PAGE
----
Actually in this context it can be very useful to talk about external or internal focus. Does the student practice with listening for control of the sound and the musical expressiom (external focus) or is she mainly focusing on producing the right, technical movements (internal focus)? And is she aware of, when she does what? Going from internal to external focus will normally be a key element in mastering difficult passages.
Evaluation and correcting mistakes
Also the “when” of practicing is important here. When do we correct, and why? Is the student trying too much to “just give a shot” and thereby accepting too many mistakes? If we always play a mistake first time we play something for a longer period of time, that mistake will most likely be, what is learned (Why? Because in the concert we only play the note once: the first time).
Also there are habits to develop concerning where to start from, when playing something over. Normally it is beneficial to go back before the unwanted event, so you practice playing right, in the flow of what came before. Many students don’t realize this. In general it is not recommendable to have too much “trial and error” process.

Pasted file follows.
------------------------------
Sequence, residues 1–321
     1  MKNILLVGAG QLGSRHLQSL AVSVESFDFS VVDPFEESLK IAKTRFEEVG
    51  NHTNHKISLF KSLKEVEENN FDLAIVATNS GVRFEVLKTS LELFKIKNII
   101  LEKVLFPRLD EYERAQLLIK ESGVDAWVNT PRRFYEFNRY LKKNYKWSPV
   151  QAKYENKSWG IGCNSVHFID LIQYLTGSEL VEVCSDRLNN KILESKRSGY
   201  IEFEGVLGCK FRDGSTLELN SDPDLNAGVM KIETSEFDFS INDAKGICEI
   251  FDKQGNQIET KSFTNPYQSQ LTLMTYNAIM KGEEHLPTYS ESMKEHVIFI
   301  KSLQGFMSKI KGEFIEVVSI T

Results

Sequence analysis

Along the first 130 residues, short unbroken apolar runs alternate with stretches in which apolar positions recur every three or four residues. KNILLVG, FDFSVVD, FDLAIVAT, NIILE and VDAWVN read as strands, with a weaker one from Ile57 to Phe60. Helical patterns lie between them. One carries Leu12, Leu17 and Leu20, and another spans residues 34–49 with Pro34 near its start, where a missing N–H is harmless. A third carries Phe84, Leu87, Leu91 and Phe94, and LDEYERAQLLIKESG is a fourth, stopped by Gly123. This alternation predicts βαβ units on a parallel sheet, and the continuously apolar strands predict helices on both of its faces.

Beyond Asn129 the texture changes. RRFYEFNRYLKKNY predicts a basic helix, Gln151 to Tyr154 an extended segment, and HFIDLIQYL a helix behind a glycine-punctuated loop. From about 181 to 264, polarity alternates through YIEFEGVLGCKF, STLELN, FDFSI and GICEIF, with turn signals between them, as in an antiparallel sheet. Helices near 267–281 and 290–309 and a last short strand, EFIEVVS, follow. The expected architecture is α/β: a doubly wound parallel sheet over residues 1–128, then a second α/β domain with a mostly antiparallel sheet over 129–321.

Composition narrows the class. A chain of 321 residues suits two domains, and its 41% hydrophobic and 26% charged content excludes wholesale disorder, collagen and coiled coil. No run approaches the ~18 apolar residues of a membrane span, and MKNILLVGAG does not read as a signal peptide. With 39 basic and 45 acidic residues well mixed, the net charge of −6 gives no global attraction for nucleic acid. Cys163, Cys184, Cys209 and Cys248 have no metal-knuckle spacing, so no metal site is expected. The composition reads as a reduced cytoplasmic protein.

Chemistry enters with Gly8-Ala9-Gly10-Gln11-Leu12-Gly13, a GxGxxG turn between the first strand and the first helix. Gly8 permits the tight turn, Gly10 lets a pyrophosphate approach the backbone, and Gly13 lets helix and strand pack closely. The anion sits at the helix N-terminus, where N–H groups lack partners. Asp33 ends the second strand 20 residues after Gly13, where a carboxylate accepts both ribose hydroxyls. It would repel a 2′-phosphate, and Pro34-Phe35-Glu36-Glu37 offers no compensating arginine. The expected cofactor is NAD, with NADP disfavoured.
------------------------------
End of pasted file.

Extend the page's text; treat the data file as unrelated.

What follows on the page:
On the other hand, if we are too afraid of losing control, we can also become too careful. Every practice session should probably include some activities, where we leave the comfort zone and add new elements – or are experimenting. Otherwise we end up just repeating the results from earlier practice sessions and not developing further from our current level.
Motivation and concentration
Having positive expectations to our practice is of great importance. It is often quite easy to see, if the student is in a positive or negative flow. If they are emanating too much frustation and seem mentally or physically struggling, we can encourage them to search for ways to work, which are more motivating and enjoyable. It is a proven fact that the development will be much greater with a positive attitude.